Putin’s Plans Lack Plausibility: The future president writes alot but says very little

Arrow sign on a street. Image by pat00139/Flickr.

President-to-be Vladimir Putin has outlined his plans for Russia in a series of newspaper articles. The real question, however, is not what should be done but how the goals can be achieved. This question remains unanswered even after reading through Putin’s articles.

Nowadays it is common to think that Russia is already living according to new rules – although no one is able to clearly articulate what those rules are. The change is visible, however. Take, for example, the ‘Putin Plan’ – a collection of texts that served as the unofficial electoral programme in the previous presidential elections. Few people actually read anything written in that plan, yet everyone remembers the billboards that dominated the political landscape from the smallest village to the biggest cities four years ago.

This time around, Putin’s plans have been presented to the electorate in the form of newspaper articles published in the leading Russian newspapers from January through February 2012. Although Putin is expected to win the March elections, what is at stake in the campaign is the legitimacy of his third presidential term. The article writing is, of course, entirely different from holding free and fair elections, but by engaging with the public outside of the usual realm of state television, the current Prime Minister is signalling that he has got his act together; and what is more, that he has answers to the pressing questions on the future of Russia.


The Deal and the Rocket: Understanding North Korea’s “Inconsistency”

North Korean soldier on tank saluting, courtesy of NOS Nieuws/Flickr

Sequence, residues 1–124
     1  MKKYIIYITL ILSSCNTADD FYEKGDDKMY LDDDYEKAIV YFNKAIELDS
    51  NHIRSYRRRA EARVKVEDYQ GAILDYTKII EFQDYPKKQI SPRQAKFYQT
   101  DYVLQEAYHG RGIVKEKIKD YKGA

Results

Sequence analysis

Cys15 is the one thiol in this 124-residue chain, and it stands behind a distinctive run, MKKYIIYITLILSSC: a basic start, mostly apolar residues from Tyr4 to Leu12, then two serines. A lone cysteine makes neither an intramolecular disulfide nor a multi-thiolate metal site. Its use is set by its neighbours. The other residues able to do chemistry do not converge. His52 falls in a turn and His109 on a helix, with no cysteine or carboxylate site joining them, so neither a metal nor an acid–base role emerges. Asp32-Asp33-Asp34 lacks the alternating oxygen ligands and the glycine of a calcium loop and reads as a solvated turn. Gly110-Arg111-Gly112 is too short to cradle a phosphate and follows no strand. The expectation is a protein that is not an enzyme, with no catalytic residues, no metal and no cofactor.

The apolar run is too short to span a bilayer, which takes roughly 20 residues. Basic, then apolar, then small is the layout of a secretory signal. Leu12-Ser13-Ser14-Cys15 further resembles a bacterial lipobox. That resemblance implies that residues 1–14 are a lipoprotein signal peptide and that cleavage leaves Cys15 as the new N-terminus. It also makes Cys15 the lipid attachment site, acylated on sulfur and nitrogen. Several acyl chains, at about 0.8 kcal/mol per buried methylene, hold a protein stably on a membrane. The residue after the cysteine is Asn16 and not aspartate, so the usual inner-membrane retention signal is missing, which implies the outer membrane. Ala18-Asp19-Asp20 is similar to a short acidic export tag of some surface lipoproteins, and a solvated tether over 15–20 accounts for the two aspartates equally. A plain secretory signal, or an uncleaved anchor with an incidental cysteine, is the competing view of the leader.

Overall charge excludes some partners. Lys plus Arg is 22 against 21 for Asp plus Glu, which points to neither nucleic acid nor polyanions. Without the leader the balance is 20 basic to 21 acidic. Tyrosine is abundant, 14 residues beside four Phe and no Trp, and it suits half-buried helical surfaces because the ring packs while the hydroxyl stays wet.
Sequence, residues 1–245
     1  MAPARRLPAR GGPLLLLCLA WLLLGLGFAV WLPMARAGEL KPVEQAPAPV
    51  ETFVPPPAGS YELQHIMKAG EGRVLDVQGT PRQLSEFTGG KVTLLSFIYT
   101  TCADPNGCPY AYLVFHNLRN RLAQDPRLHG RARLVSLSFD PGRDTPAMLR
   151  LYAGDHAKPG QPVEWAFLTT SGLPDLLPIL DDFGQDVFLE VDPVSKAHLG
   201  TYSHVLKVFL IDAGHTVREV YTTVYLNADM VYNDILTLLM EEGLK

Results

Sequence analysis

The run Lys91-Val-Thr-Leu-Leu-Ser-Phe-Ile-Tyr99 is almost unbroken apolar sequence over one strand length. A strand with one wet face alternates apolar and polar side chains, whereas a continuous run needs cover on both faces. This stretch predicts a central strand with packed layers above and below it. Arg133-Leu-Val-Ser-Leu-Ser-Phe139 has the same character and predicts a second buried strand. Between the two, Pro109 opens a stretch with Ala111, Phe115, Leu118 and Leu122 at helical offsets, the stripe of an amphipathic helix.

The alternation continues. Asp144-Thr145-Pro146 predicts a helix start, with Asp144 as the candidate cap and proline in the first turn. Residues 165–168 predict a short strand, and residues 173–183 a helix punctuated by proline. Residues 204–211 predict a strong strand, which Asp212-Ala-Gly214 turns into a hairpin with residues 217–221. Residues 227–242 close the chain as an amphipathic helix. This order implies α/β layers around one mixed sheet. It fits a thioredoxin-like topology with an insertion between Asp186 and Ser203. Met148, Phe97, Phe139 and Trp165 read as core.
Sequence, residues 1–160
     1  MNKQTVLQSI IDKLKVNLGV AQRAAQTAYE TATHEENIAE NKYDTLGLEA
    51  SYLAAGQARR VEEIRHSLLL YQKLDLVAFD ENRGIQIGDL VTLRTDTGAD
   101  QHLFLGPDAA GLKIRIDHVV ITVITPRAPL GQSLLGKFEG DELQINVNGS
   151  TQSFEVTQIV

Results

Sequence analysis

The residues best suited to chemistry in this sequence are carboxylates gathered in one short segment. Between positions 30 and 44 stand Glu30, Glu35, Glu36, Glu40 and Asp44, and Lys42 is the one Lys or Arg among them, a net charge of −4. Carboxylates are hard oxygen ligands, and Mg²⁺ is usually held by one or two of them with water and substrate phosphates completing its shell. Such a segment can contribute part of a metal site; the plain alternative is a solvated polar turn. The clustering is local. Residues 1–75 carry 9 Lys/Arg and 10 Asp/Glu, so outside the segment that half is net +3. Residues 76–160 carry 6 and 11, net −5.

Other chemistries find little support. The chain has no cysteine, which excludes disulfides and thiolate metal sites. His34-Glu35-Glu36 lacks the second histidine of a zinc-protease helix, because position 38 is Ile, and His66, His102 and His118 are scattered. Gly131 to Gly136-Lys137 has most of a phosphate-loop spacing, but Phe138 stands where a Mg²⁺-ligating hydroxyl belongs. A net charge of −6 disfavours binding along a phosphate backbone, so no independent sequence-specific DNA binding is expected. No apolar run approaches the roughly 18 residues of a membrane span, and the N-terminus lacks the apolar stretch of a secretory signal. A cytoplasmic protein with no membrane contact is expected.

It is becoming all too common for North Korea to engage in provocative behavior in order to grab international attention. This time around though, the announcement by North Korea on March 16, 2012, to conduct a satellite launch seemed to catch the Obama administration particularly off guard. For the United States, this latest provocation went completely against the spirit of the Leap Day Deal agreed to only two weeks before in which North Korea would freeze its uranium enrichment activities and place a moratorium on further missile and nuclear tests in exchange for U.S. humanitarian assistance.

While this satellite launch could be expected for a country committed to military-first politics and in the context of the celebrations for the centenary of the birth of Kim Il-sung, the pursuit of the Leap Day Deal comes across as a redundant effort. Following the satellite launch, reports are now emerging that North Korea will conduct a nuclear test which will have further implications. Given that the satellite launch and a nuclear test would scupper any agreement with the United States, why did North Korea bother to show up and negotiate the deal?


Putin’s Next Term

Photograph from the World Press Photo 2008 World Tour in Moscow. Image by firdaus omar/Flickr.